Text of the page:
Cardiff audiences don’t boo the designers and directors of WNO operas – they just drop the level of applause when they appear at curtain call and then up the volume again when everyone takes a bow. Thus it was with this Macbeth at Wales Millennium Centre.
The show had plenty of panto elements (jolly and also bonkers costumes, flashing lights, spooky moments, villains and vamps). However, rather than hiss at the villains (and I don’t mean the baddies on the stage) as this is terribly serious opera the polite audience members applaude gently when the “creative” team appeared, concentrating on showing their appreciation of the ensemble’s musical artistry.
Fortunately, there was quality and artistry where it really mattered – the singing and playing. We had a soprano to die for and other really splendid principals, the chorus (especially ladies) in glorious voice despite being lumbered with costumes that had to be experienced (or endured) to be believed, while the orchestra gave us a spine-tingling playing of Verdi’s score.
Mary Elizabeth Williams
But the first half was one of the silliest ever staged by WNO (and that is saying something) and while the second half was much better (did they swap production team at half time?) the damage had been done. For most of the country the silly season ended with the start of September, for WNO it seems to have only just begun.
It was Cardiff audience’s bad luck that the Scottish play was brought in from Northern Ireland Opera to be the start of this autumn season of three Shakespeare based operas marking the 400th anniversary of the writer’s death. The production from NIO’s Oliver Mears (just named boss of the Royal Opera) should really have been left on the other side of the Irish Sea as it has few redeeming features except seeing how far you can stretch a budget making vast numbers of increasingly ridiculous costumes.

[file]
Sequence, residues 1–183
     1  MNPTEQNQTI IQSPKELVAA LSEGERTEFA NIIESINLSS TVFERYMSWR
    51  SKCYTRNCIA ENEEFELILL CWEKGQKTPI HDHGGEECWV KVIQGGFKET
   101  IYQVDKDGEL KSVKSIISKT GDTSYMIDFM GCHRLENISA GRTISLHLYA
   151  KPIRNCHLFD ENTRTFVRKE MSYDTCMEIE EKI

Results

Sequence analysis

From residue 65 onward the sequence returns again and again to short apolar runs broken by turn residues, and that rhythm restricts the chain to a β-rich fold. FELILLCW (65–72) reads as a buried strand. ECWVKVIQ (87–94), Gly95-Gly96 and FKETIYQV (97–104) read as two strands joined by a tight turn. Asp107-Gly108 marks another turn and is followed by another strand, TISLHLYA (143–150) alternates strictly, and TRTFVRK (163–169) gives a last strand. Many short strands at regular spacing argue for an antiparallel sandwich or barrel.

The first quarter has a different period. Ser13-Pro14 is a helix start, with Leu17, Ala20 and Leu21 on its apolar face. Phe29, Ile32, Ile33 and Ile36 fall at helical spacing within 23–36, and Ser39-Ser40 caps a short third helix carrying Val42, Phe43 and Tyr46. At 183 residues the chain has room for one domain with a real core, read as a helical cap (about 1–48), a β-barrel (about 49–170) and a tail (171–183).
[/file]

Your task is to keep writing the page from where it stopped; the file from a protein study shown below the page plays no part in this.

And why? To make the obvious but crass comparison between Lady Macbeth and modern-day wives of despots (think Imelda Marcos and Elena Ceausescu). This was really the only idea behind the show – plonking the play in a modern setting to show a totalitarian regime where power is based on violence, intimidation, exile (suitcase-carrying refugees here), association, secret service personal body guards and unofficial thuggery, corruption and fear. Yeah, gottit.
The entrance of Duncan was plain daft with bagpipe kilties pretending to be playing the score and if I was the Scottish government I would request the Saltire and Lion Rampant flags are taken down!
The witches (here three groups of women) look freaky rather than frightening, whether as shaved headed frumps or hunch-backs, but they are choreographed well by Anna Morrissey in the evening’s only effective dramatic scenes, as they inhabit what looks like an abandoned mental hospital which (despite long scene change pauses) is the set for the entire evening. After the squaddies rape one woman (fortunately off stage) she joins the witches – now we understand!
In the same sterile set, Lady Macbeth adopts silly poses in her glad rags in front of a mirror, the chorus put on black berets and sunglasses for Duncan’s mourning, the in-house photographer snaps away and then Macbeth’s thugs wear multi-coloured bobble hats when go off to murder.
Things do improve in the second half as the producer settles down and seems to take the work more seriously. However, after such knock about nonsense I found the use of actual video of people suffering from wars shown on a screen while the Scottish refugees sang the Act IV chorus Patria Oppressa distasteful.
Yet all praise must be heaped on soprano Mary Elizabeth Williams who dominated the evening from her first appearance, thrilled with each aria whether blood curdling vaulting ambition, iron fist and sexual manipulation of weak Macbeth to the final mad scene. It was not her fault she was directed to vamp it up in fur coats (and she actually flashed big knickers at one stage) and the sassy American singer rose above the clunky direction.
It was not just her stature that contributed to the domination of the opera and overshadowing the title role leading man Luis Cansino. The Italian baritone is a fine Verdi singer but his acting was flat compared with Williams’ soaring stage presence. More convincing in their acting but similarly Miklós Sebestyén as Banquo and Bruce Sledge as Macduff were most impressive vocally and I hardly noticed the latter until he caressed us with his one beautiful aria.
Ultimately this was another celebration of the WNO Chorus, the Orchestra and singers who can rise above what directors throw at them.
Andriy Yurkevych conducted with enough heat to fire up the witches’ cauldron.
Wales Millennium Centre until 24 September then touring.